By Kary Feick

After four years of hard work, dedication, and absolute persistence, the 2011 graduating class can finally put the textbooks down and the pencils aside. More than 500 students attended the 64th commencement ceremony at Compuware Arena in Plymouth.

The ceremony honored students graduating from social sciences, education, business, nursing, humanities, science, and math. A large number of students graduated with honors (3.5-3.699 GPA,) high honors (3.7-3.899 GPA,) and highest honors (3.9-4.0 GPA.)

Before moving on into the “real world,” students took a moment to look back on their journey at Madonna University, including the memories that helped them reach the finish line.

“I’ve learned to not judge a book by its cover,” said Kyle Lawrey, graduate of the Business Administration program at Madonna University. “When I first decided on playing golf at Madonna, I was not completely sold on being at a small school but then I got here and that changed.”

Lawrey focused on pre-law during his time at Madonna. In August he will attend the University of Dayton School of Law for his Juris Doctor.

At Madonna University, it is no surprise to find a student blessed with both a wonderful professor and a gifted mentor.

“My favorite professor at Madonna University was professor Conrad, whom I had for Business Law and Macroeconomics. He was a great teacher and I learned a lot from him,” said Lawrey.

“Beyond that, he took me under his wing and helped rekindle my interest in law. He got me back on the path to law school that I had given up on previously. I owe a lot of thanks to him for putting me on the path that I am on.”

Lawrey is certainly not the only student at Madonna to find a professor encouraging students to reach their goals by guiding them to helpful resources.

“My favorite professor at Madonna was Heather El-Khoury. She was very supportive to me during my fieldwork,” said Nicole Carter, graduate of the Social Work program at Madonna.

Carter feels very fortunate to already have a job, right out of college.

“I am working where my field placement was - Lutheran Social Services. My field professor, Heather El-Khoury, placed me at Lutheran at the beginning of my senior year. I feel that Madonna helped prepare me throughout my program with the support and classes I needed to be successful at my new employer.”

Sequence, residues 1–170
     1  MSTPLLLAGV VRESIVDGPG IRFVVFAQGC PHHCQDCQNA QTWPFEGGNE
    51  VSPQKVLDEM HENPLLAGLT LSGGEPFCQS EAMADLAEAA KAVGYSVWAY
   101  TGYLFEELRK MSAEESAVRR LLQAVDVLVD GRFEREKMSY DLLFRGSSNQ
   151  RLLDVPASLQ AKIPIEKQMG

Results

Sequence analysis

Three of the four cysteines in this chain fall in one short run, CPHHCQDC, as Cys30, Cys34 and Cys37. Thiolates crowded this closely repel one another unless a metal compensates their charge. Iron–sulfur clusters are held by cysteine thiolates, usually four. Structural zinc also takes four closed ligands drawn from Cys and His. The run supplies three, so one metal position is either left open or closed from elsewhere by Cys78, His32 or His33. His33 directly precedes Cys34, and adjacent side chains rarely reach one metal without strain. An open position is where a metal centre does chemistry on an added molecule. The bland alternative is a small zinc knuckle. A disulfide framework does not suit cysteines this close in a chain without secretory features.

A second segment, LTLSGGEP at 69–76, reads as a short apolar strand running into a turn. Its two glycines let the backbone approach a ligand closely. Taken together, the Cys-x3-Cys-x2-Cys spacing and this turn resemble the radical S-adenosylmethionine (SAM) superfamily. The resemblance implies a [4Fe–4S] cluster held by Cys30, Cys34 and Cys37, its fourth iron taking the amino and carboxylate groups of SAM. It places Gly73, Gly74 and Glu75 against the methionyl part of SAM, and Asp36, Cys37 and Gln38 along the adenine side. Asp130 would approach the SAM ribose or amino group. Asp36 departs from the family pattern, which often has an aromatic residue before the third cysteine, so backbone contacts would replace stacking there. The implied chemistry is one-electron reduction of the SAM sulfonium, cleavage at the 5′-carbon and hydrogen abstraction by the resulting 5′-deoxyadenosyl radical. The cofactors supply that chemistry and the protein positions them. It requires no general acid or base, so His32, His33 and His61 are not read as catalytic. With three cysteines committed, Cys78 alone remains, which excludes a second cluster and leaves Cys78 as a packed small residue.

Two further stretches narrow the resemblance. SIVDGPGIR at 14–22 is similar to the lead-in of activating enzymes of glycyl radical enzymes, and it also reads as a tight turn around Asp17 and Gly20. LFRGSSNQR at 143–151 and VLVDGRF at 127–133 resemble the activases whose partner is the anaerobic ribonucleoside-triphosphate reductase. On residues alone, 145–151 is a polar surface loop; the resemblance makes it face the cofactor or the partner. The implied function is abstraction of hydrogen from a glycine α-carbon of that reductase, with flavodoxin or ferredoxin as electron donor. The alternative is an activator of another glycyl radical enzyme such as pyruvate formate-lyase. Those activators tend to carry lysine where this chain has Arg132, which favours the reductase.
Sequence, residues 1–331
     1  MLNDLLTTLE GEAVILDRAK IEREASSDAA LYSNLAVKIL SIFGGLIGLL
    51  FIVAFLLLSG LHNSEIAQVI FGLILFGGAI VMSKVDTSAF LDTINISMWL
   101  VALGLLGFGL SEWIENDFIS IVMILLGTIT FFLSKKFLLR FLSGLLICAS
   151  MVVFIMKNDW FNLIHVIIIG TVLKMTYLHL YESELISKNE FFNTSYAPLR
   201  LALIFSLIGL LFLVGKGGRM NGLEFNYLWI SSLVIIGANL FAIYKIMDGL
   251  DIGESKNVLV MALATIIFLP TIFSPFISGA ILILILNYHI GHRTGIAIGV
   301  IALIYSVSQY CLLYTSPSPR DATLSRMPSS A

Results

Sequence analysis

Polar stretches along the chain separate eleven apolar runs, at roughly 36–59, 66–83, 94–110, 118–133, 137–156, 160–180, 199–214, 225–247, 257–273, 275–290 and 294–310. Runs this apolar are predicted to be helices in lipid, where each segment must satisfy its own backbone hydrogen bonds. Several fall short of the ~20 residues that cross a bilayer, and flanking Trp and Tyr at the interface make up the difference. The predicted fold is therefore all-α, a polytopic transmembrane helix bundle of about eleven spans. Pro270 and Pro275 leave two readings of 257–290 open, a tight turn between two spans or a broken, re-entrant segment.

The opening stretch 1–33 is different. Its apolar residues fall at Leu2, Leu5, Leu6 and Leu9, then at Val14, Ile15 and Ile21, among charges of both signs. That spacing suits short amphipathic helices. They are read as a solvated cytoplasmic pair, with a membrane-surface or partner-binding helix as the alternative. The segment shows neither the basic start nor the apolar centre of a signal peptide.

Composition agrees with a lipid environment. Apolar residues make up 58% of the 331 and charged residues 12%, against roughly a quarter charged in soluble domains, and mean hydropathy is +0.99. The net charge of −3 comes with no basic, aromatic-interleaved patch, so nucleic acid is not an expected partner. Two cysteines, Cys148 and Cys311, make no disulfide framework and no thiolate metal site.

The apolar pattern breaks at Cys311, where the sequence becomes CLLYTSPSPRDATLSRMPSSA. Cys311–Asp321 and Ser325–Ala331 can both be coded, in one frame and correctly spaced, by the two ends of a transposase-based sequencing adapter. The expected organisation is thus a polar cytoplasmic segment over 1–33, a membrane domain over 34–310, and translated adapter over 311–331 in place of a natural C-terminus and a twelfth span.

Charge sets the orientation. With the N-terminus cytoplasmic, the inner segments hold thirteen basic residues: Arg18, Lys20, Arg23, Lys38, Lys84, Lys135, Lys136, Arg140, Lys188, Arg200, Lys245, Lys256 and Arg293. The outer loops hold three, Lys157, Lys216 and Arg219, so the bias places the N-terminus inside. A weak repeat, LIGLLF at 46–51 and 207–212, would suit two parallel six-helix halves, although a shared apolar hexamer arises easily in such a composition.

Carter took advantage of the social aspect at Madonna University, and even became secretary of SWAMU, the Social Work Association at Madonna University.

“Our club participated in a variety of events to help at risk families in the community,” expressed Carter. “We held a fundraiser raising supplies for families in the winter such as coats, hats, and mittens.”

Beyond classroom instruction, students also reflected on what they learned throughout their time at Madonna.

“Being in the social work program helped me to learn how to manage my time better and prioritize what needs to be done first,” said Carter.

Carter believes effectively prioritizing your time is vital to your success at any university.

“Don't feel stuck in what you came to school for. I started out at Wayne State, and when I figured out what I wanted to major in, I transferred,” said Emily Zaleski, graduate of the Sign Language Studies program, with a focus on interpreting.

Zaleski feels Madonna taught her a lot, and even caused her to consider her values.

“I've learned that there are many people who have very different ideas than me, and it is often challenging not to let them get to you. I think it is important to hold true to my own values and ideals”

Zaleski also feels students should try to get involved with the university by joining clubs and attending events. She says it is a great way to make friends and create a more social college experience.

Zaleski recently completed a team music video project for her SLS 4650 class. Dan McDougall paired four students with the Broadcast and Cinema Arts department to produce the sign language music. The group translated King of Anything, by Sara Bareilles, from English to American Sign Language, which is far from easy.

To see the video, and two other ASL music videos, visit:

“Learning a second language is an incredibly rewarding experience, and I think everyone should do it,” said Zaleski.

The mission of Madonna University, a Catholic and Franciscan institution, is to instill in its students Christian humanistic values, intellectual inquiry, a respect for diversity, and a commitment to serving others through a liberal arts education integrated with career preparation, based on the truths and principles recognized within a Catholic tradition,” Madonna University mission statement 1937-present.

As a graduate, Zaleski now finds ideas she wishes she knew when she began her journey at Madonna.

“Don't be afraid of diversity. Make friends who are different than you. You might be surprised at how much you can learn from people of other religions, cultures, and sexual orientations,” expressed Zaleski. “Don't judge people because they have different ideas.”



More than 500 attend 64th grad ceremony